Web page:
Archive for May, 2010

Rand Paul has come under serious fire lately for his staunch libertarian stance on the Civil Rights Act.  The basic gist is:  Government doesn’t need to interfere in a business’s right to be racist if it wants.  The market can decide; if people don’t like racism, they won’t shop at or buy from racist businesses.

One site likened his somewhat naive comments to something college students might discuss in a coffee shop…not something politicians would discuss with any seriousness.

So…I’m a kid in a coffee shop…what would I say?

Let’s play the thought experiment:  pretend we let the market decide…and it decides that it wants to be racist.  This is probably the reality anyway, since why would you need to sign an anti-discrimination law if there weren’t any to begin with?

So is it ok for the market to be racist?

If I don’t like the businesses where I live that are discriminatory; I can just move somewhere else, participate in a different market, right?

Hmm…but you forced me to move. Someone else’s discrimination is affecting where I live, where I shop. And that is just me…what about the people that are being discriminated against?

The Libertarian argument that businesses (or anything else they are referring to) should be “free” to do what they like is bunk.  Your freedom is not always yours alone.  It affects other people; it doesn’t exist in a vacuum.

The extreme example is smoking.  You should not be free to smoke….because your smoke affects other people too.  If you want to smoke at your house or something…ok.  But a ban on smoking in planes, or in buildings, or restaurants is completely appropriate.  If your freedom to smoke means I get cancer, then you should not be free to do it.

Many things are like this.  A more subtle example is the time honored American “freedom” to be rich…really rich.  In America it is ok to be rich (not all countries are so positive about the rich).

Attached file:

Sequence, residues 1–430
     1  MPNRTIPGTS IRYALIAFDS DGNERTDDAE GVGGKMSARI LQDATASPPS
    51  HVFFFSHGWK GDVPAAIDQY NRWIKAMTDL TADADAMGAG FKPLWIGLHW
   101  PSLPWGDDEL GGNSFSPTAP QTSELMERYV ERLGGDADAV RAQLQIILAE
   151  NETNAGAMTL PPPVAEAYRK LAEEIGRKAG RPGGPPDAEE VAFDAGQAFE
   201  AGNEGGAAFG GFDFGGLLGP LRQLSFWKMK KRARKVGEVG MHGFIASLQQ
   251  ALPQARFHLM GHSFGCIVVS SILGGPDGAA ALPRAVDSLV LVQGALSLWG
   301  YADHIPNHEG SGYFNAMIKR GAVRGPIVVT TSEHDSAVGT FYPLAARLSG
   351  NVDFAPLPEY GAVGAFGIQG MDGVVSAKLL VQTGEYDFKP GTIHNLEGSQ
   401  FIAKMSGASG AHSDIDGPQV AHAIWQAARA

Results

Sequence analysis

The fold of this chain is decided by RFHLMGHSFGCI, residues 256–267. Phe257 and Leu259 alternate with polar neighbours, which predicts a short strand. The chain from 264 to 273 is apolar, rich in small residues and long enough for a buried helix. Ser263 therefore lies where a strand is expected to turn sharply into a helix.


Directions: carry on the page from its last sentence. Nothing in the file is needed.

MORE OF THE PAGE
But being rich comes at least somewhat at the expense of those who worked to make you rich.  The rest have to watch the rich move to the front of every line, drive nicer cars, live in better, safer houses.  People worry about their plight in life compared to the rich.  The rich simply existing is a source of anxiety which causes ill health.

I’m not saying it is bad to be rich…only that it isn’t in a vacuum.  The rich existing does affect the poor.  The larger the income disparity between the rich and poor, the more the effect.  Most countries have progressive tax schemes at least somewhat due to this.  It is a tax on the rich simply because they are rich (which affects everyone else).

So no.  Racism is not ok.

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My grandfather is dying.  That stinks and I love him and its really hard on my family and my mom today asked me if I wanted to speak at the funeral.

Of course I said.  Its my place I think to say something as I was one of those that knew him best…at least as a grandfather.

Now I’m thinking, “What exactly do you say at your grandfather’s funeral”?

I could google it….and for anyone that knows me or reads the website….I google everything.  You can almost always get good information.  I googled songs for my wedding.  I google recipes, places to eat, etc.

But I won’t.  In this case, I don’t think it matters what makes a good speech at a funeral.  I’m not trying to make a good speech….i’m trying to make MY speech about MY grandfather.

I remember when Marc Whitfield was killed; they talked about the honor of serving as a policeman, but to me that was about police….not about Marc.

And I don’t think the speech is to the other people at the funeral…some lesson learned about death, or the importance of those still alive that we love.  I’m not moralizing to the attendees.  That doesn’t matter much and I’m not the person to do that.

In the end, I’m not sure there is much to be learned from death?  It happens.  It may point out some things about life, but death itself is pretty mundane, final, and self-explanatory.

I think I will speak to him directly; it is for him and my family.   Say something nice about how much I loved him; tell a funny story I remember growing up with him.

I’m not religious, but if he can hear…he knew how much I loved him….and it never hurts to hear it again.

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I wrote last time about the concept that Goldman is employing:  “all that is not illegal is permissible”.

When they say they did nothing wrong, they mean they did nothing illegal.